France raises temperature in beef war

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France raised the temperature in the beef war today - 24 hours before Paris was expected to decide whether or not to lift its ban on British imports.

France raised the temperature in the beef war today - 24 hours before Paris was expected to decide whether or not to lift its ban on British imports.

French consumer affairs minister Marylise Lebranchu shrugged off the threat of legal action by Brussels and insisted there were still difficulties over UK health and safety safeguards against mad cow disease.

She hinted at the need for concessions from Britain to appease French consumers before the row is resolved.

The setback came after EU scientific experts - led by French Professor Gerard Pascal - gave British beef a clean bill of health more than a week ago, saying it was as safe as any in Europe.

Even then the UK agreed to more talks to "clarify" Britain's anti-BSE measures for the French.

And EU food safety Commissioner David Byrne said he expected a response from Paris by tomorrow.

Now, in an interview with the BBC, Ms Lebranchu has dismissed the unequivocal "all-clear" for British beef from the experts and called for additional testing of British cattle for BSE.

That would amount to the kind of concession that agriculture minister Nick Brown has refused categorically to consider as the price of winning French agreement to lift the ban.

The President of the National Farmers Union, Ben Gill, rejected the damands as more delaying tactics.

Mr Gill warned of a major EU crisis beyond the beef war if the matter was not settled quickly.

He said: "I am not prepared to go on having filibustering tactics from the French with any further delays.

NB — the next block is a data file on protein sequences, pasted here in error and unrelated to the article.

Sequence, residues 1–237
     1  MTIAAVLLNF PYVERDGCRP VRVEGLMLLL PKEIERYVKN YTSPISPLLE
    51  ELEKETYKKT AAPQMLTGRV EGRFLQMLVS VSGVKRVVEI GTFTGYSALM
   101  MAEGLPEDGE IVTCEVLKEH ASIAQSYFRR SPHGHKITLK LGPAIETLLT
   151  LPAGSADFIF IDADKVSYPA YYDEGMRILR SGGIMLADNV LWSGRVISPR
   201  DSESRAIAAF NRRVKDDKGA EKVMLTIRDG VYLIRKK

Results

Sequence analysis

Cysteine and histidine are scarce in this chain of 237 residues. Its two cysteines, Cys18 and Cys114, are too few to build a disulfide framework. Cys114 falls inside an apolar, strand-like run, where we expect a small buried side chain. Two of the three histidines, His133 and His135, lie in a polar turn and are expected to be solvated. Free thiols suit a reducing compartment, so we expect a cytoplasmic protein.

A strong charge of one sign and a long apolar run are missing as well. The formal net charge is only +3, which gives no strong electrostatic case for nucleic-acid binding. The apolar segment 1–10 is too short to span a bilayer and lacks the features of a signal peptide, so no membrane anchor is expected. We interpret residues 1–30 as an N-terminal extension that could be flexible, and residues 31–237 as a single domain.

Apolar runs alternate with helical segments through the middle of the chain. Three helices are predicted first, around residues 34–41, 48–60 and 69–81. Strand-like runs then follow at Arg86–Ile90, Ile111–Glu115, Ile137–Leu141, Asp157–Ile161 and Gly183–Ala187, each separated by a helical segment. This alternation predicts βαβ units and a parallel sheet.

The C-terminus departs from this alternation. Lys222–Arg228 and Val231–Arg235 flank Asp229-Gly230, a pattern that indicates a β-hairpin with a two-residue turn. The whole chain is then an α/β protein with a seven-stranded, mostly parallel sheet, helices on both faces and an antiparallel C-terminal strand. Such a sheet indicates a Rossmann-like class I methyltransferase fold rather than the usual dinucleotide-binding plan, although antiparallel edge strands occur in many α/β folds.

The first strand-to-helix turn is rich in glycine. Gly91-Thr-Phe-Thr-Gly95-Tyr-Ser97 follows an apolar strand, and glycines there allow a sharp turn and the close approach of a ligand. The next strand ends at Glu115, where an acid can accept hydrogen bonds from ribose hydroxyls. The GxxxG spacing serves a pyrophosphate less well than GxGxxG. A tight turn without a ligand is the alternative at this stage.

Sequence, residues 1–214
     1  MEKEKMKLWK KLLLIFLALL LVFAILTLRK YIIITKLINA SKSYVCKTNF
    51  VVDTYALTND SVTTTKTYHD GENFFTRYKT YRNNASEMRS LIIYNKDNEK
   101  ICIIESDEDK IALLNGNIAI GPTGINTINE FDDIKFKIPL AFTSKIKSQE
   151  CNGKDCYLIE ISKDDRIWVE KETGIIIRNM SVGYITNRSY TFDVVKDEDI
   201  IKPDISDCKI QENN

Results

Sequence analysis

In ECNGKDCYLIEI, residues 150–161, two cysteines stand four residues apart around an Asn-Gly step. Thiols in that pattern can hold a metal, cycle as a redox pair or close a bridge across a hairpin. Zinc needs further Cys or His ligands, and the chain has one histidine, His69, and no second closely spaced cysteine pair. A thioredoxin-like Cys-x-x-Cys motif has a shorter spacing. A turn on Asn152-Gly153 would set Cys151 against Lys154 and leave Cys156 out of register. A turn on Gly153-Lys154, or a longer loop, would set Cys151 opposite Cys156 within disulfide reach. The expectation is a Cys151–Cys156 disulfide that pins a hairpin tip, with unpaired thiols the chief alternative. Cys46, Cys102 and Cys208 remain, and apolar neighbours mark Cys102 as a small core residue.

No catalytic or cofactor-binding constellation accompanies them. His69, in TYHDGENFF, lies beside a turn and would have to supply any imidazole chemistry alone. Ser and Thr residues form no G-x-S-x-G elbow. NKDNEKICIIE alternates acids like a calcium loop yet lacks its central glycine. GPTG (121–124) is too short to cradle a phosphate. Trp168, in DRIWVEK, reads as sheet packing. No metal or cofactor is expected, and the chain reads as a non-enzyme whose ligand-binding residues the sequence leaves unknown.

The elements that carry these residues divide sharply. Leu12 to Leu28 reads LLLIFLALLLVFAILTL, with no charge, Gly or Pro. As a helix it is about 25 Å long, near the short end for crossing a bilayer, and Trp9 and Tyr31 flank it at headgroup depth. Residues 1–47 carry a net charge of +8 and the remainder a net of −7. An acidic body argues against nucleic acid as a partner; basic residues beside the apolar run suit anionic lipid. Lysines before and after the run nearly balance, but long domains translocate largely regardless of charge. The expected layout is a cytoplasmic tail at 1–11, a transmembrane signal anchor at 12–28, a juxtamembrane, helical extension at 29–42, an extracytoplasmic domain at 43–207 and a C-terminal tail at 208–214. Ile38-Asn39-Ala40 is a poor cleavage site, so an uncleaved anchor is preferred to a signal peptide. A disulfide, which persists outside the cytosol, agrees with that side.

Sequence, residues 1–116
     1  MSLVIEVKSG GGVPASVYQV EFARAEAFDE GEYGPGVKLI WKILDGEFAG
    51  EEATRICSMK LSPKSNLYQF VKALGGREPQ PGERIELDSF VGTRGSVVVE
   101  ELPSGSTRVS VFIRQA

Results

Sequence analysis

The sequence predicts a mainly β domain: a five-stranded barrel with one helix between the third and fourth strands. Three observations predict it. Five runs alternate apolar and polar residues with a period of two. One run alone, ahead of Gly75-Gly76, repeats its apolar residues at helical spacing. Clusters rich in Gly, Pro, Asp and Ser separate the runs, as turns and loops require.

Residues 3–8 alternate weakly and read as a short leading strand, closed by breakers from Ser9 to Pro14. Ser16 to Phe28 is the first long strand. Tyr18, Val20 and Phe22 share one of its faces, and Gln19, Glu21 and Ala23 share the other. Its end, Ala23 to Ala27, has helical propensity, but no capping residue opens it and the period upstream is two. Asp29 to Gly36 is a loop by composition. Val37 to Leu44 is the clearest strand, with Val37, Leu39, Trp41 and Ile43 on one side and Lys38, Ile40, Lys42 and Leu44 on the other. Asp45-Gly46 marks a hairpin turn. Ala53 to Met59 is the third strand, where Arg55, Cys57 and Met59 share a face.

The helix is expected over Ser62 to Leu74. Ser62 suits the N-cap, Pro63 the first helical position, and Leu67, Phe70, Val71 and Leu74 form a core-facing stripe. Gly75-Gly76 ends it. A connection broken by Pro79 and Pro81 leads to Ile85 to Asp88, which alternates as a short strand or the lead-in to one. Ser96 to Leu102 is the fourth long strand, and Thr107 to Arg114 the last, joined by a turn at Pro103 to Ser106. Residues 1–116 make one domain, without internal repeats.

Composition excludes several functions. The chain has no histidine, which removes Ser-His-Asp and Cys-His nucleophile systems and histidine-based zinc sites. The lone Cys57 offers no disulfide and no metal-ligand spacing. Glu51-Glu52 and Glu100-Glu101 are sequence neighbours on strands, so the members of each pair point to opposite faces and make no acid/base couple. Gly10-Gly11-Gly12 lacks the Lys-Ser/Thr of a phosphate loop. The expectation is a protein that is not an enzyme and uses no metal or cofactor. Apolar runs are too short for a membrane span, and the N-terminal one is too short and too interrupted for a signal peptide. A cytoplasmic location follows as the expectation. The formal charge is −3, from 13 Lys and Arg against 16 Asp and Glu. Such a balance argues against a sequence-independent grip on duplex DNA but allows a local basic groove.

"British farmers have waited three and a half years - the vast bulk of that without any proper justification - to have this ban lifted."

You cannot possibly be going on with a single member state - a founding member state - ignoring whatever European law they want.

"It does not work and if there is not a resolution of this problem in the time-frame laid down there is a major constitutional and political crisis for the EU that is many layers of magnitude higher than just beef".

Ms Lebranchu today raised the issue of the "traceability" of cattle as a sticking point, but Mr Gill said that was one of the matters covered by the Date-Based Export Scheme, agreed by EU governments more than a year ago as the basis for reopening export markets for British beef.

The French minister rejected the suggestion that her government was up against a deadline, insisting: "We specifically said we did not want to give a date because that makes things difficult. Once you have set a date you are stuck with it."

She added: "I think the talks are going very well. If it takes two or three extra days because it is necessary it is better than to end up with an agreement that doesn't work.

"I think we can sort this in a matter of days, maybe weeks: I don't think it will take months".

Commission officials greeted the idea that talks are still going with surprise. The meeting last Friday of British and French agriculture civil servants to "clarify" the situation was understood to be the last, certainly at official level.